The characters were well fleshed out. There was not the ambiance of lacking, or flat, monotonous characters. Sheperd's characters had flavor, life. And their dynamic ran like a well oiled machine.

Juliet Moreau - I enjoyed her character but at times Juliet annoyed the hell out of me. She could be meek and so buzz-headed when it came James and Prince. But she made a somewhat interesting character -- in that she was a bit strange, and dark, and didn't quite fit in.

 On the table beside me was the set of operating instruments. I wrapped my hand around the handle of he ax, normally used for separating the sternum of cadavers. I too a deep breath, focusing on the rabbit's neck. In a movement I knew had to be fast and hard, I brought down the ax.

The rabbit's screaming stopped. -- page 20

Montgomery James - Smart childhood friend, first love. Loyal to a fault - literally, to the one person he shouldn't be.

 He'd been our servant, I told myself. I didn't owe him anything. But that was a lie. Montgomery and I were bound together by our past. This was the boy who had secretly taught me biology because my father wouldn't. Who'd told me fairy tales late at night to distract me from the screams coming from the laboratory. -- page 36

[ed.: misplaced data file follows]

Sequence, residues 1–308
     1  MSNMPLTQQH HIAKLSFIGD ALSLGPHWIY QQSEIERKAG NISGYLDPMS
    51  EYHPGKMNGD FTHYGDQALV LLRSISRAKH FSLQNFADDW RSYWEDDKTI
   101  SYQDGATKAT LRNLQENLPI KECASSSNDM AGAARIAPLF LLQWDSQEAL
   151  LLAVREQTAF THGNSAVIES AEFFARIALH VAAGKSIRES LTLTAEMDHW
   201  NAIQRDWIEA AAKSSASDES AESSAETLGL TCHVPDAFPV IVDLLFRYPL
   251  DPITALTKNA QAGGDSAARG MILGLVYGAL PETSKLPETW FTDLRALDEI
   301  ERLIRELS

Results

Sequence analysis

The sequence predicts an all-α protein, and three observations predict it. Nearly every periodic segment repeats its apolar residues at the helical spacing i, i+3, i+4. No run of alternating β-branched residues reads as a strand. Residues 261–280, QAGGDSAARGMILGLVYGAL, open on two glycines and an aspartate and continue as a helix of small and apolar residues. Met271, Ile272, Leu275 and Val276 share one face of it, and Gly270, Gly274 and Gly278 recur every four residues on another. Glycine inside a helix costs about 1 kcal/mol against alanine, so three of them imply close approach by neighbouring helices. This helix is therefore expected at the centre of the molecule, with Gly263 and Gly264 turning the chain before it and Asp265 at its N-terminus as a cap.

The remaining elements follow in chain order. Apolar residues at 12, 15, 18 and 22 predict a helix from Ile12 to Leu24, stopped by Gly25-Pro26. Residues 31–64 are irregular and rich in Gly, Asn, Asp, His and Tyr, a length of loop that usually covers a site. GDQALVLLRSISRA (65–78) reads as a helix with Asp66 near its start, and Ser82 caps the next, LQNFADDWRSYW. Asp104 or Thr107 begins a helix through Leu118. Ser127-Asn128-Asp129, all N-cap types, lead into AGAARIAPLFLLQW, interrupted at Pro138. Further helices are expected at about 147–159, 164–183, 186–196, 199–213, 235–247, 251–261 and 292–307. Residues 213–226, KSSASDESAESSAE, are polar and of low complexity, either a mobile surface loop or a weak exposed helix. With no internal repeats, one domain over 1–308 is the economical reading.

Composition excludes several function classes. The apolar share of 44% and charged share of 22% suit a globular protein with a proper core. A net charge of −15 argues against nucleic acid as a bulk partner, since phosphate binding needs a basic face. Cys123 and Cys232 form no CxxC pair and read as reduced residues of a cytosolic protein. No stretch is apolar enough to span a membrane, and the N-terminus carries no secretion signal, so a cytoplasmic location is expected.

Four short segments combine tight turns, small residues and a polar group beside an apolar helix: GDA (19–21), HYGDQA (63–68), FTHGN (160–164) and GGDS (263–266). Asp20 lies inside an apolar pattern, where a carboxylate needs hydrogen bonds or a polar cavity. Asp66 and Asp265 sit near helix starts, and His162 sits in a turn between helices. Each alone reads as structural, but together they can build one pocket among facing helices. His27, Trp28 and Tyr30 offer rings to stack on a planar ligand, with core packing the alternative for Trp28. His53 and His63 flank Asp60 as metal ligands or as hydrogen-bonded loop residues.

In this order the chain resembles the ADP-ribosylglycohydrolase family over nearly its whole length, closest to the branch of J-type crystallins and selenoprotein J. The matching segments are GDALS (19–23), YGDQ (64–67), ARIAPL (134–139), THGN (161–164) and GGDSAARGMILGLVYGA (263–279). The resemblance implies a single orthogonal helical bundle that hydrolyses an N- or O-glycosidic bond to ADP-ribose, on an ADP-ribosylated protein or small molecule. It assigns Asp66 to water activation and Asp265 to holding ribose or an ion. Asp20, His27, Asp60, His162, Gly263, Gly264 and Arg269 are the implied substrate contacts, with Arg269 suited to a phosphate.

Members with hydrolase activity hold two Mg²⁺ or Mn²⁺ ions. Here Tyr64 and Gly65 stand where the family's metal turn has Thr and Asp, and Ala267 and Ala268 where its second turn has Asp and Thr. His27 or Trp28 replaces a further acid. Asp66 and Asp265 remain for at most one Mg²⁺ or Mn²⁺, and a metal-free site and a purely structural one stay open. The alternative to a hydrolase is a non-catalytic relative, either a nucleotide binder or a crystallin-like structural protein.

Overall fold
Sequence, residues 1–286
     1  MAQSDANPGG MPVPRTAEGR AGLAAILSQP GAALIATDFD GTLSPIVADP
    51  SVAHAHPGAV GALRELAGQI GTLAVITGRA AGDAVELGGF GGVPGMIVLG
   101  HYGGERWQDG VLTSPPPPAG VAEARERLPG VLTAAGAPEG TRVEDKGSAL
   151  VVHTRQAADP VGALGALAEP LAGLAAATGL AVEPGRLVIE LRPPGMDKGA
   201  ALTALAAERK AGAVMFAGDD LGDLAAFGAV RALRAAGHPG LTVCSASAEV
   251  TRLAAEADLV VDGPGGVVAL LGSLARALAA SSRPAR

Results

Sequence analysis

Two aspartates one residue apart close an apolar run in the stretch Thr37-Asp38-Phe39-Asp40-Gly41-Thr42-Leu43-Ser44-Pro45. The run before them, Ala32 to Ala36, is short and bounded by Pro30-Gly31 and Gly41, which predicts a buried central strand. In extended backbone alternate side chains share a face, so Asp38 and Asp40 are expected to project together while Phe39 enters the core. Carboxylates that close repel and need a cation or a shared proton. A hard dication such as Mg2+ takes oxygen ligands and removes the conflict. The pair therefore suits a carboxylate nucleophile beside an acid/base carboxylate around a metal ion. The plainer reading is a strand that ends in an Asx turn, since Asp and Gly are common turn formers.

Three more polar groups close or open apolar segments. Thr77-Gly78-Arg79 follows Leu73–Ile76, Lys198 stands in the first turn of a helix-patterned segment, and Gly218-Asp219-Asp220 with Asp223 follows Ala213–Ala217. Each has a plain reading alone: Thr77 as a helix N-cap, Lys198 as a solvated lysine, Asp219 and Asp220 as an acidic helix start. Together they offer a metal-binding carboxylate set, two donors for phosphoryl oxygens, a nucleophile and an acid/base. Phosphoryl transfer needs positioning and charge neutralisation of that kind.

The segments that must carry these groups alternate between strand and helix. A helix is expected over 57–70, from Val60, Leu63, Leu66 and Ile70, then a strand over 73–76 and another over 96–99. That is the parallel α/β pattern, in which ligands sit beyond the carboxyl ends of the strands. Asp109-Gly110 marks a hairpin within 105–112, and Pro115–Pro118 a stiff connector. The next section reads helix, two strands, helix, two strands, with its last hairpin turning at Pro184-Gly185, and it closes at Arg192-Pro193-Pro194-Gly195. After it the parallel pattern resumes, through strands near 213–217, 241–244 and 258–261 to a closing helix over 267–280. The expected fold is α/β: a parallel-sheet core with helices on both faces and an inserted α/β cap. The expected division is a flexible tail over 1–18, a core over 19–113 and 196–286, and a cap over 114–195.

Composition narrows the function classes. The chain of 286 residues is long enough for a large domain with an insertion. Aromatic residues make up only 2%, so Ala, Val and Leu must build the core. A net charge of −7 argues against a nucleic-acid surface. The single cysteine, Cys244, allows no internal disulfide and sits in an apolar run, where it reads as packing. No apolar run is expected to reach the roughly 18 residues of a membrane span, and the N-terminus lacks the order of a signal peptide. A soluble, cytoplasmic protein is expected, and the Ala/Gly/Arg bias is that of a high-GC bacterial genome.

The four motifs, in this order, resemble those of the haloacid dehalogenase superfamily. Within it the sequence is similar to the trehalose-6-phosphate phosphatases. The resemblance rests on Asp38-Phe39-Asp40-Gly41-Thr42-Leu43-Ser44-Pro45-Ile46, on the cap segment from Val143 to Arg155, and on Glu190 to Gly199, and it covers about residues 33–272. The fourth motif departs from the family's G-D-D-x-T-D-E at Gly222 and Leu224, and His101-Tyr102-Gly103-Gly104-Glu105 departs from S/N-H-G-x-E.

Dr. Henri Moreau - A selfish, terrible, mysterious father. And bat-shit crazy . . . Or is he?

"Oh, and Juliet," he said. I turned back. Half of his face was thrown in deep shadow, while the whites of his eyes gleamed in the distant lights from the salon. "I'll be working in the laboratory late tonight. I've a good start on the new specimens. Don't be alarmed if you're awoken. The animals--they screams, you know. An unfortunate effect of vivisection. It keeps the whole household up". -- page 170

Edward Prince - Dashingly mysterious, passionate with a secret.

He leaned to the side and coughed, and then his hand found mine. He squeezed the life out of it. "Juliet . . . you looked even more beautiful when I thought I was dying." -- page 111

Here is one of my favorite quotes from 
The Madman's Daughter:

Juliet, he'd called me. He'd dropped the pretense of using my surname. I studied the waves beyond our hands, trying to work out the equation of my emotions. Since I'd seen him gain, in that room at the Blur Boar Inn, there'd been a tightness inside my chest whenever he was around, like string lashed around my heart. -- page 75 

Meet the Author:

New York Times bestselling author Megan Shepherd grew up in her family’s independent bookstore in the Blue Ridge Mountains. She is the author of the acclaimed young adult series THE MADMAN'S DAUGHTER and THE CAGE, as well as the middle grade novel THE SECRET HORSES OF BRIAR HILL. She now lives and writes on a 125-year-old farm outside Asheville, North Carolina, with her husband, two cats, and an especially scruffy dog.

***Check out Megan Shepherd's website for more information about her and The Madman's Daughter HERE

Happy Reading!